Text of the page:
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Five seek votes in ICC race

Published 12:34am Sunday, October 20, 2013

Four council seats up for grabs

 

It will be a case of odd man — or woman — out once all the ballots are cast for those vying for a spot on Ironton City Council this November.

With four seats up for grabs, only five candidates put their hat into the ring, with two being write-in candidates: Best Rist, Bob Cleary, R. Craig Harvey, Dave Frazer (write-in) and Jerry Brownstead (write-in).

Rist, a current councilwoman, was the only incumbent member of council who filed for re-election by the Aug. 7 deadline. Frazer later signed up as a write-in candidate. Both were first elected to council in 2009 and are seeking second terms.

Rist said she would focus on city finances during her second term if re-elected.

“My top priority would probably be working on the budget,” Rist said. “I’m not on the finance committee so I need to get more involved in that.”

Rist also added she wanted to learn more about grant writing, as well as focus on the storm drain issue in the north end of town.

“A top priority for me would be the storm drains on the north end of town, because we don’t have any,” Rist said. “It floods down there so bad.”

Overall, the councilwoman said the city’s biggest challenge would be bringing in new sources of revenue.

“We’ve got these new projects, the hotel and the restaurant coming in. Just getting all of that done,” Rist said. “It’s just going to be a hard job for all of us. There is going to be a lot of economic development at the same time. With the bridge coming in, that’s another priority.”

Other incumbents who did not file for re-election are Mike Lutz and Ralph “Butch” Huff.

Huff was nominated to fill a vacancy left by Cleary at the start of this year.

Cleary, who filed to run for the upcoming election, retired from council in December, citing changes in Ohio Public Employee Retirement System for the upcoming year.

The former mayor and longtime councilman said he is looking forward to an opportunity to get back on council and work on a stronger budget and get the city departments properly staffed.

“It seems like our city services have been cut back so far that we barely have a street department,” Cleary said. “We need to look at ways to increase revenue so we can hire more people in those positions. … It seems to me the streets are as bad as what I’ve ever known them to be. When you call to ask about a patching job, there is always a lot of talk about, ‘We don’t have the people do it.’ Which is probably a true statement but we need to have more employees. We need to find a way of getting new money into the budget.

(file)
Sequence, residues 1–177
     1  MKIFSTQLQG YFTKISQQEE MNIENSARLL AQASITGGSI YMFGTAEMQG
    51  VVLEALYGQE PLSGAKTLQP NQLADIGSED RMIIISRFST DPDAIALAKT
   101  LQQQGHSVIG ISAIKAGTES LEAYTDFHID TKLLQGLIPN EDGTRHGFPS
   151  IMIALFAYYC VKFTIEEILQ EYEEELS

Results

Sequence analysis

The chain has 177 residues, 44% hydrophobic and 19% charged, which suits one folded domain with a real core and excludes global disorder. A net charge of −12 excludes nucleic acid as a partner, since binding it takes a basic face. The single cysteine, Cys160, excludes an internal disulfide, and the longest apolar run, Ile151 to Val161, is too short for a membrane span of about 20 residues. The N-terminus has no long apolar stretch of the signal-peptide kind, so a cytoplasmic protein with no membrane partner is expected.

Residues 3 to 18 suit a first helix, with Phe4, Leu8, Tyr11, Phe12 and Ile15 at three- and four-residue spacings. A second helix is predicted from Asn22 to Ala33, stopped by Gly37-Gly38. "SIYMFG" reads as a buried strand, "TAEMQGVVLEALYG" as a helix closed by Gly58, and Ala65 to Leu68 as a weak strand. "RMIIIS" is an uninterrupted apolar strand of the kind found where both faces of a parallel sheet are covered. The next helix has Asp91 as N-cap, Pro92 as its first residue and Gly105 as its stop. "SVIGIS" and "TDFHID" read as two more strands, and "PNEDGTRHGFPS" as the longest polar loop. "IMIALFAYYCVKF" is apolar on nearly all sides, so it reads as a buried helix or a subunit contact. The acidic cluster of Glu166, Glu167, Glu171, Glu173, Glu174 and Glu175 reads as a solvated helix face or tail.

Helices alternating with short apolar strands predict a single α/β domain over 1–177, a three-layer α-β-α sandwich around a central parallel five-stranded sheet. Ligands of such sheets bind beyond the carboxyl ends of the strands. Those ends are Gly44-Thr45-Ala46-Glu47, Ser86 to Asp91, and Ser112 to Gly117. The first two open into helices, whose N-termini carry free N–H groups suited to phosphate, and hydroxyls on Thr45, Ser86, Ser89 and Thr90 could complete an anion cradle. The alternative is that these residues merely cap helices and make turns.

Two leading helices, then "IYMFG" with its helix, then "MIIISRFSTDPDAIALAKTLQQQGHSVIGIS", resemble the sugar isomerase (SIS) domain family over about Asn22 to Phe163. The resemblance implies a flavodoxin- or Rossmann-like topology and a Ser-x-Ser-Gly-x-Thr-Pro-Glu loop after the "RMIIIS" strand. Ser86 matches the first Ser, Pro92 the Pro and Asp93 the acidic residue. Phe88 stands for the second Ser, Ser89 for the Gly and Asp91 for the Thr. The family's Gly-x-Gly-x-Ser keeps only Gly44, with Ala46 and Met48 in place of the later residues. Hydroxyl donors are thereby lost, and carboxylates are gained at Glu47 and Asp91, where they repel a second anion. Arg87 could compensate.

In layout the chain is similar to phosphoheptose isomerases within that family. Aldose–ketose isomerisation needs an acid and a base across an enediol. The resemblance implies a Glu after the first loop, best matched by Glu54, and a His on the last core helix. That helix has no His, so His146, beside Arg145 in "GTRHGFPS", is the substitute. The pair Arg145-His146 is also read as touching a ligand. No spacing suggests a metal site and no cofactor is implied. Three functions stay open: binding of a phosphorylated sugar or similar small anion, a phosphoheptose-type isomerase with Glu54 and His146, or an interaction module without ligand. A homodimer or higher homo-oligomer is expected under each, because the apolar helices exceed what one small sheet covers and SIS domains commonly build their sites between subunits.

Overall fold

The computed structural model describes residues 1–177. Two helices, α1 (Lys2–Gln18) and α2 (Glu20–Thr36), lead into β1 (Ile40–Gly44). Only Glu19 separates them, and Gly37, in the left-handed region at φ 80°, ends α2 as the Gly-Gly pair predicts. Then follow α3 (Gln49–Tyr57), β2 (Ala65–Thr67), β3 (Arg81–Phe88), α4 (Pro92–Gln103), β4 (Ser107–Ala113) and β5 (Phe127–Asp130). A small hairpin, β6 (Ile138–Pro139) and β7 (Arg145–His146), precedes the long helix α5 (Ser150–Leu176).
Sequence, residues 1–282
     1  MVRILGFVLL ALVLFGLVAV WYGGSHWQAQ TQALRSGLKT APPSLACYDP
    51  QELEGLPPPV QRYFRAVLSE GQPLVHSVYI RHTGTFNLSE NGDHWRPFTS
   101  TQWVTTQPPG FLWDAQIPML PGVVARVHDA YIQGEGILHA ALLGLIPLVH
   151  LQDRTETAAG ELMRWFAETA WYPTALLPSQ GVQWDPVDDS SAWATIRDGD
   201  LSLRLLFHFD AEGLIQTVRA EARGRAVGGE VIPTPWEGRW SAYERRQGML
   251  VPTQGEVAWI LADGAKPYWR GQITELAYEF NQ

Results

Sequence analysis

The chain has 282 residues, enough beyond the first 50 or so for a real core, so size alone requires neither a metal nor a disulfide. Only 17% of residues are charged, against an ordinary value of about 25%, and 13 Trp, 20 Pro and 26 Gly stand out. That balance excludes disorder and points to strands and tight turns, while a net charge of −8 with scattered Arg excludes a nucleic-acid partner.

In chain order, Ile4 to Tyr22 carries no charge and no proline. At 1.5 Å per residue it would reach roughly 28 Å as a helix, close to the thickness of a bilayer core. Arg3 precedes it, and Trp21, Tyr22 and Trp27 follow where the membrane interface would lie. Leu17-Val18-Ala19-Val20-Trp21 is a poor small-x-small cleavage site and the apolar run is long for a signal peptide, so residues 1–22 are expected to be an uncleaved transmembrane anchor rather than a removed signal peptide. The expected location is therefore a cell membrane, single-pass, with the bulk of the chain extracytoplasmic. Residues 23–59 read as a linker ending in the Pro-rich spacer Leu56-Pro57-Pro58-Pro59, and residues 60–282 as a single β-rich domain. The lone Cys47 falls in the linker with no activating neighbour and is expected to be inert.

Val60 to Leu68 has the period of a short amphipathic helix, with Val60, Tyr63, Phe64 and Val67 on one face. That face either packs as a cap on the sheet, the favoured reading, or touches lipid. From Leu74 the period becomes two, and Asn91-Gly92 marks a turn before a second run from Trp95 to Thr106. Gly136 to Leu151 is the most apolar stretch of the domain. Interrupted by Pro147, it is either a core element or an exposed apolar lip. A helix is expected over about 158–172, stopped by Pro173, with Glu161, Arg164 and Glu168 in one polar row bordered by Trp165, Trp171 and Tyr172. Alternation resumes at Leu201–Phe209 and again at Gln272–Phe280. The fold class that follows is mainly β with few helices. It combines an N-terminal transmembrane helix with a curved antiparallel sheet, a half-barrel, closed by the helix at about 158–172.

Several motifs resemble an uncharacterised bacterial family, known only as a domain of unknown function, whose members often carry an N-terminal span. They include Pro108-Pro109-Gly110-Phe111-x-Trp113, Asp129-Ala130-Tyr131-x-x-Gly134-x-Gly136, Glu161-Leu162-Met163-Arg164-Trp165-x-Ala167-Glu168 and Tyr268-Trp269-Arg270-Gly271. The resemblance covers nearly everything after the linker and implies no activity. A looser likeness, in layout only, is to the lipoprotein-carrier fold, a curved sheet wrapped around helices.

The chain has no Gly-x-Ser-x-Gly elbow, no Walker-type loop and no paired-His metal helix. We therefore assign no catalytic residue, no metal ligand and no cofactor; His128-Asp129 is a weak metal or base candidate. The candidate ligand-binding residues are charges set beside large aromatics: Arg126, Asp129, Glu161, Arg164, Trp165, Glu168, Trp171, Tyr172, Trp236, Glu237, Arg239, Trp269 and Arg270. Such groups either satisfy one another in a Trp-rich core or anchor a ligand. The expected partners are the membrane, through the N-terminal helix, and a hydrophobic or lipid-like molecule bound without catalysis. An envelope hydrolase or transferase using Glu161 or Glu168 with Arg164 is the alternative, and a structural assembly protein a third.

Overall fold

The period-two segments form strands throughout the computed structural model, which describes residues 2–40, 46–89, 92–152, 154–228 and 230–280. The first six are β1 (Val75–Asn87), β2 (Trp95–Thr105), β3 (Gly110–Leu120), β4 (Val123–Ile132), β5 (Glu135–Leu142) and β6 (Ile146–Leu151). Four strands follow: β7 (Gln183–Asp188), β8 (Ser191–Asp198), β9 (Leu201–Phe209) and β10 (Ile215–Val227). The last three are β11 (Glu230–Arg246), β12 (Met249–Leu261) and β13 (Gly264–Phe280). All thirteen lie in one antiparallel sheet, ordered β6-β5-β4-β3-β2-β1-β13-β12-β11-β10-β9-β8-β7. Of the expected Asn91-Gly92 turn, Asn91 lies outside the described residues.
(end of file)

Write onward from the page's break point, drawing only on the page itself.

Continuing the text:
“Just the services that you expect to get, it doesn’t seem like they are being met, just as street patching or cleaning up alleys, cutting the trees off the intersections. There are a lot of issues that need to be addressed.

“I’ve got 23 years of experience in addressing them. There is no trying to learn what to do. I can hit the ground running. I know how to do budgets and how the departments work. Hopefully we can work as a team and get new job creation and get the thing turned around.”

Both Harvey and Brownstead would be first-time office holders if elected.

Brownstead, who previously ran, but lost, for a seat on the Ironton City School Board, is a retired maintenance professional and teacher who said his top priority on council would be jobs.

“That sounds like a cliché but that’s what we need,” Brownstead said. “We have to give them tax breaks for several years for a company to come in and get on its feet. A lot of people say, ‘Well you’ll lose the taxes on the property.’ But you’ll gain the taxes from the employees they hire. They are paying to the city. They are buying local.”

Brownstead he would put the welfare of the city first if elected and feels he knows what the people want.

“I’m a working man,” he said. “I know where the working people come from. I just feel that I could do the job that would benefit the city of Ironton and the people living in the city. … I just would appreciate the vote and I make no promises until I get in there and see what’s going on. The only promise I make is I will work for the people and the city and do the things I can do to bring progress to this area.”

Harvey, a part-time nurse at Our Lady of Bellefonte Hospital and full-time instructor at Ohio University Southern, said he had no agenda for running for city council, just to make sure there was a member on council who was looking out for the hardworking families who are apathetic towards the government.

“I really feel like if I didn’t run, there was no one looking out for the people like me,” Harvey said. “I represent a big majority of the working people with families.”

Harvey said he would focus on city unemployment and tax revenue.

“The majority of people either don’t work, work for cash or are retired,” Harvey said. “The people that actually do work feel like they are shouldering most of the burden.”

Frazer did not return multiple calls for comment made to his home.

 

 

 

 

 

 

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